“Jewish Transit Berlin: From Hell to Hope” premiered Monday at the Berlin Jewish Museum. It relates the unusual albeit brief history of the DP camps set up in postwar Berlin, according to the JTA story.
The Swiss-born filmmaker calls them “the last Jewish shtetls on German soil," and found individuals (all aged 80 or more) to share their stories.
Rich with archival footage and contemporary interviews, the film goes a long way toward painting a picture of their odyssey, which begins with the migration of some 350,000 exhausted Jewish refugees and survivors from Eastern Europe. About 100,000 made their way to bombed-out Berlin, according to Heim. Most landed in other German cities and later emigrated.There were some 6,000 Jews (2,300 were children) still homeless in Berlin by January 1946, according to the American Jewish Joint Distribution Committee, resulting in the three camps for survivors.
“There were thousands of people who were liberated and were displaced in Berlin,” said Rabbi Andreas Nachama, a historian who directs the Topography of Terror archive and heads the Department of Holocaust Studies at Touro College in Berlin. “You had Jews and non-Jews, slave workers and those who were repatriated.”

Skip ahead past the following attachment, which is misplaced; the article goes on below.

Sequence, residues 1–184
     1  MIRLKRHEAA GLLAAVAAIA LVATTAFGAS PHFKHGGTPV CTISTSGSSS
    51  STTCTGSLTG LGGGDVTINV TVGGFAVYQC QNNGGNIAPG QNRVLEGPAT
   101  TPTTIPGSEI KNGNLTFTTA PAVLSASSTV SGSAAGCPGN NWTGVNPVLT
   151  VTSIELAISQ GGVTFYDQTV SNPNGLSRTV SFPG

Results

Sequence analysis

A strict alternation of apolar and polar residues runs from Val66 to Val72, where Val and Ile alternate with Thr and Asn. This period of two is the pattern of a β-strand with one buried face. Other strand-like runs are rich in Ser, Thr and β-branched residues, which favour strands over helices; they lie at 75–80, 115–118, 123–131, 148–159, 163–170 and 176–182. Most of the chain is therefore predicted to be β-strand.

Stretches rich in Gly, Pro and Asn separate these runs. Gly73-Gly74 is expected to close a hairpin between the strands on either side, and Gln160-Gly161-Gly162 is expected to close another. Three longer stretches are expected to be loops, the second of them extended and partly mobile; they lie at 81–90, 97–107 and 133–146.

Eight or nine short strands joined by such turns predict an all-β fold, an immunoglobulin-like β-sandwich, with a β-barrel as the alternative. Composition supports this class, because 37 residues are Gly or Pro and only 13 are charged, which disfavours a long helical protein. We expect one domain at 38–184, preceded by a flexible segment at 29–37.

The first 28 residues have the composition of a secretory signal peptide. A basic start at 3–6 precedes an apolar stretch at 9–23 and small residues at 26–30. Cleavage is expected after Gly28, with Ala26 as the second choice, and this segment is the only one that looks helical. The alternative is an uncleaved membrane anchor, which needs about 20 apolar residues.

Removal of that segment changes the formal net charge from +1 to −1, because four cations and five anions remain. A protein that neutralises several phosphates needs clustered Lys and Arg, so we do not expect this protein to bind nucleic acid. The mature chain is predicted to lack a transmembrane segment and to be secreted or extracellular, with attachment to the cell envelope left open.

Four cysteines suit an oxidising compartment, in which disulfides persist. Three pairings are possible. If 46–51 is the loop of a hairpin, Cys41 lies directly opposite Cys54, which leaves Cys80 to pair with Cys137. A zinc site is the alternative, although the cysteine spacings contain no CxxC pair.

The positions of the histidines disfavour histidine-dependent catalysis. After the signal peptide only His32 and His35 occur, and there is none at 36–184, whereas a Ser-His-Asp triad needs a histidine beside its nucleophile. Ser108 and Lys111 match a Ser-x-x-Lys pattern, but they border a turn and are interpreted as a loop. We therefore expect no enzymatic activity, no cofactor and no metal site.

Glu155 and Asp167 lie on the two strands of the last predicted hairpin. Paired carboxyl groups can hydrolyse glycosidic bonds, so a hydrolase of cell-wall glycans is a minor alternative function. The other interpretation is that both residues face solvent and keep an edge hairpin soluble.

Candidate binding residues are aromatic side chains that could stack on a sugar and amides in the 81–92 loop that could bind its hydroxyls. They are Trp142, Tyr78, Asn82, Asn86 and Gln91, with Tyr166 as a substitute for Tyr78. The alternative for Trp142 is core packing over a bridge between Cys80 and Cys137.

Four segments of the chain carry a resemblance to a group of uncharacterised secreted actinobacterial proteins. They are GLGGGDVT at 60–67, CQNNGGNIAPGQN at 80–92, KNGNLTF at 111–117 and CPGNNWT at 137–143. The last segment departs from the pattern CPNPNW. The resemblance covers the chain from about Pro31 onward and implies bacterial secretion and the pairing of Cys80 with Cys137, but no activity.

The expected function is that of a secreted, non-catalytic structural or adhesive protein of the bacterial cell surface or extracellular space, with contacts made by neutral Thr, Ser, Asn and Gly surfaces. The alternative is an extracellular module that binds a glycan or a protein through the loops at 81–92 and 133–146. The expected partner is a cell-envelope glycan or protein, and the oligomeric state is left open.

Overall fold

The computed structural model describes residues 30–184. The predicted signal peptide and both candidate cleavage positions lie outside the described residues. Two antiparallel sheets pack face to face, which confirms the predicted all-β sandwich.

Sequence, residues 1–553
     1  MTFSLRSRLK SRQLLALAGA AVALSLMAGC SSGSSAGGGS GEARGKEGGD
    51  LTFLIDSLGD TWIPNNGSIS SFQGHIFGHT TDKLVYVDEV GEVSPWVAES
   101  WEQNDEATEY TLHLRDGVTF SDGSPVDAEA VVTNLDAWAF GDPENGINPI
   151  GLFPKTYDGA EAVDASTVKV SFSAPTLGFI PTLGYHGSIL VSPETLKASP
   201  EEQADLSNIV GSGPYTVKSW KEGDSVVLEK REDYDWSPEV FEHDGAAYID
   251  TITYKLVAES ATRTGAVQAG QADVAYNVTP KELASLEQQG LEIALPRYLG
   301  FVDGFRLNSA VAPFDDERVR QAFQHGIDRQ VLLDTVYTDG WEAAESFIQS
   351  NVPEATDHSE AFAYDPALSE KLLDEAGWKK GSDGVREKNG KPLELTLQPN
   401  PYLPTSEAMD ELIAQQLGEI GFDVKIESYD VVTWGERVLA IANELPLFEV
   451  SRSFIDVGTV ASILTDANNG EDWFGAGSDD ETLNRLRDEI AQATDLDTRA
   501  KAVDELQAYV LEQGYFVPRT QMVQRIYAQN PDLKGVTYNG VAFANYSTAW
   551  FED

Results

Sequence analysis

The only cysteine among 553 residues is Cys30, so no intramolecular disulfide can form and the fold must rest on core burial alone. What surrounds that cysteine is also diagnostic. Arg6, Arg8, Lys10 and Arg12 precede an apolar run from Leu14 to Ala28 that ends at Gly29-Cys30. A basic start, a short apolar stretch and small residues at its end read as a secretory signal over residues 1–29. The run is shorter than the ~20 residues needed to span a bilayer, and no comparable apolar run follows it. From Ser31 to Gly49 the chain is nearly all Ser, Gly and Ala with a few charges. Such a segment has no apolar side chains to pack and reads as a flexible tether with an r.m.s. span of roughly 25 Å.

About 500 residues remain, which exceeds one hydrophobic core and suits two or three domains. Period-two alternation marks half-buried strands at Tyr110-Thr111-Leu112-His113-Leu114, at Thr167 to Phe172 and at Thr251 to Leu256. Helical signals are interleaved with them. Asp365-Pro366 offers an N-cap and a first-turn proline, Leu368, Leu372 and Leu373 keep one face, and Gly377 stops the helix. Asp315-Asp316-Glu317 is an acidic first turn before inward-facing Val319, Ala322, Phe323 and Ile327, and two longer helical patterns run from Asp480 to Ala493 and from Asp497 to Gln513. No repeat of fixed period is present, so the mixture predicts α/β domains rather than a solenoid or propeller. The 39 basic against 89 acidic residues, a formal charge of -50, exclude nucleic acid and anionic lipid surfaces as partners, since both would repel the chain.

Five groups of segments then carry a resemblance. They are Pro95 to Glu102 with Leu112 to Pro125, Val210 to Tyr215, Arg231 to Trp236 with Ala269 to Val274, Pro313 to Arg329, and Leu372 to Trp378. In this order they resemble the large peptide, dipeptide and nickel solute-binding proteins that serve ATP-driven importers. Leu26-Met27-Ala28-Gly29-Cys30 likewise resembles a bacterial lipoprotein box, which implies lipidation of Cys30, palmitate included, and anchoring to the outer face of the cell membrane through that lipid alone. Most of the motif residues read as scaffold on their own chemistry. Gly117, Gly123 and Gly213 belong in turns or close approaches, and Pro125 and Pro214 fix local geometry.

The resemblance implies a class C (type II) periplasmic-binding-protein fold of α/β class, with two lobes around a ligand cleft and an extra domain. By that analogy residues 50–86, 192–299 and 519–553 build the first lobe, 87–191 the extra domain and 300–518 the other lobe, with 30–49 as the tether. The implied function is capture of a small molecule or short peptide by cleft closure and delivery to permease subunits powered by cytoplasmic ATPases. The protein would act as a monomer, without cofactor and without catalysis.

Heim said that Gen. Dwight Eisenhower (the US Army chief of staff) decided to create the camps for Jews following clashes in other camps populated by both survivors and non-Jews recognized as murderers.
“It was a magnificent rebirth, a re-creation of people who were so down and came to life,” recalled Rachel Abramowitz, 81, whose father had been deported by Stalin to Siberia from Poland before the war. Afterward, with no one left in Poland, her family made its way to Germany.Rachel and the rabbi later married on November 23, 1947, in Berlin. They live in Florida and have three children, 11 grandchildren and six great-grandchildren.
They arrived by truck in Berlin in the middle of the night. As children jumped out of the truck, they were met by a U.S. Army chaplain, Rabbi Mayer Abramowitz, who also had arrived in Berlin that day.
The rabbi created a school and summer camp for the 2,300 children, and the Jewish DP camps also featured Yiddish newspapers, radio stations and theaters, while there were also many marriages and many babies.
The camps closed in 1948, and most Jews had left by June, flown out on the same airlifts that had unloaded emergency food and supplies during the Soviet blockade of Berlin. Most went to the US, Israel, Canada or South Africa, although about 500 stayed in Berlin.
The film was co-produced by ARD and Yad Vashem, and co-directed by Ronnie Golz.
Read the complete story at the link above.